• It is important to understand the spiritual development of Pathfinders in order for them respond according to their stage of development.
John Westerhoff III and FAITH DEVELOPMENT • Westerhoff III was the first person to outline a model of faith development.
• He believed that faith was an active word involving not only belief, but the process of believing. • He proposed that spiritual development was like the rings of a tree which increased in number, slowly and gradually. • SEARCHING FAITH (age 12-30): Establishment of faith identity by critical judgment; a connection of what they know about Jesus with what they feel about Him.
Bailey Gillespie and SPIRITUAL DEVELOPMENT • 7 stages of spiritual development • REFLECTED FAITH (age 7-12): The child imitates the example of faith that is shown in their community. • PERSONALISED FAITH (age 13-15): The individual begins to establish their own faith beliefs; a time of questioning and experiencing what faith is. • ESTABLISHED FAITH (age 16-18): An extension of the previous stage; the establishment of their faith outside of the family; realisation of belonging to a faith community; practical faith.
Pathfinder Staff PROMOTING SPIRITUAL GROWTH 1. Being committed to Jesus Christ. 2. Being flexible to meet the different needs of the group. 3. Taking the time to learn new skills needed for Pathfinder leadership. 4. Completing any relevant child protection or police checks. 5. Loving each Pathfinder as a special member of the club. 6. Being role models. 7. Positive spiritual atmosphere promoted by the staff.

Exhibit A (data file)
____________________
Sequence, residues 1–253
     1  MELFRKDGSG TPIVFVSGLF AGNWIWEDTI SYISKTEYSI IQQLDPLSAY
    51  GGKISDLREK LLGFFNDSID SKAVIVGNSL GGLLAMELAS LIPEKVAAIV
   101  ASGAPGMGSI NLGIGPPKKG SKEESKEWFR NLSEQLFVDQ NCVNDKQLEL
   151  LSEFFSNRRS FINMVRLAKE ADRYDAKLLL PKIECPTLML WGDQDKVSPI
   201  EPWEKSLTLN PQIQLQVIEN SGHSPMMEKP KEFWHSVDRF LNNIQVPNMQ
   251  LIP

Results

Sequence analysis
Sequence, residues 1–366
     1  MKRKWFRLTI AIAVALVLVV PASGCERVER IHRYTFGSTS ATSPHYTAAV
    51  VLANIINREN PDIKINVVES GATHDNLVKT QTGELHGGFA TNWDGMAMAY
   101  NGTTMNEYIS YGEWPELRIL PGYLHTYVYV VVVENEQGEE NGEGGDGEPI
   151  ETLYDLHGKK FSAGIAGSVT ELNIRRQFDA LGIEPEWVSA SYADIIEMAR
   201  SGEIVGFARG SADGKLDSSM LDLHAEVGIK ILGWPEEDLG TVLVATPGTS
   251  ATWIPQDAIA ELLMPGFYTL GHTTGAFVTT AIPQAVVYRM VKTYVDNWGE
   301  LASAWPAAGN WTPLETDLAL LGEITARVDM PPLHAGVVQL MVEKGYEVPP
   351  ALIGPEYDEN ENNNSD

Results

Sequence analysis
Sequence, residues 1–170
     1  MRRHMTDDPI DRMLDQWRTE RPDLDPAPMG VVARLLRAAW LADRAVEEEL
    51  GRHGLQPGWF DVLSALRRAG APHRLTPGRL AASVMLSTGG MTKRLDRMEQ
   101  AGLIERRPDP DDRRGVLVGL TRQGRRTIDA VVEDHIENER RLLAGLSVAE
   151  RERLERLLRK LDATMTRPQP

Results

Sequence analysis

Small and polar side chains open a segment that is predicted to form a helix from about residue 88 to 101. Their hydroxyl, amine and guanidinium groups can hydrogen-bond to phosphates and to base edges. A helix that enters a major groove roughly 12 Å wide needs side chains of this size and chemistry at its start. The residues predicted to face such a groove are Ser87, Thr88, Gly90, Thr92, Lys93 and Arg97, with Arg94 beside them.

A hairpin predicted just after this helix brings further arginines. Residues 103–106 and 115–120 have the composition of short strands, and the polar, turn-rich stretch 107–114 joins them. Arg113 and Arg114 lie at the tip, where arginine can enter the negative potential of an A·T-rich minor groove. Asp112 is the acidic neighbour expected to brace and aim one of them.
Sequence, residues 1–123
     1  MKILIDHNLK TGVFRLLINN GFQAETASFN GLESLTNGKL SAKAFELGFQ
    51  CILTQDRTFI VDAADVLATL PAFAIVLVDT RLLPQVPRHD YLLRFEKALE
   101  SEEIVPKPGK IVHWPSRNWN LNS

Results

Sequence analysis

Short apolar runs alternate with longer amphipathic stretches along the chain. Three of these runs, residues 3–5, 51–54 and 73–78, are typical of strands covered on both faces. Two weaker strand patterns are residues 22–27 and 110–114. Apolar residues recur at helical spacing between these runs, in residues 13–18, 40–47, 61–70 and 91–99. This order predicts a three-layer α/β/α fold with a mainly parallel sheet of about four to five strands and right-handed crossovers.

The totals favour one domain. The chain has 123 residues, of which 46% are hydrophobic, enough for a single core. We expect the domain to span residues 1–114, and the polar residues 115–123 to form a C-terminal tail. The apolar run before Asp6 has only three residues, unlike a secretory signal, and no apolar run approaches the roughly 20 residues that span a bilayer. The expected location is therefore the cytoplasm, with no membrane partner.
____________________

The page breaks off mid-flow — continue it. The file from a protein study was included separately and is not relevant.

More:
The Pathfinder Club PROMOTING SPIRITUAL GROWTH 1. Acknowledging the rights of each individual. 2. A safe haven from negative behaviour. 3. A positive and happy environment. 4. A opportunity for adventure. 5. Learning leadership skills. 6. A stable place for Pathfinder from unstable homes. 7. Welcoming and accepting environment. 8. A window into the church community. 9. An opportunity to witness to non-SDA/Christian contacts.
The Pathfinder Program PROMOTING SPIRITUAL GROWTH 1. Interesting and varied program. 2. Creative and relevant worships. 3. Class time promoting fellowship. 4. Special events to create spiritually high moments. 5. Involvement of individual Pathfinders in the program. 6. Camping in God’s creation.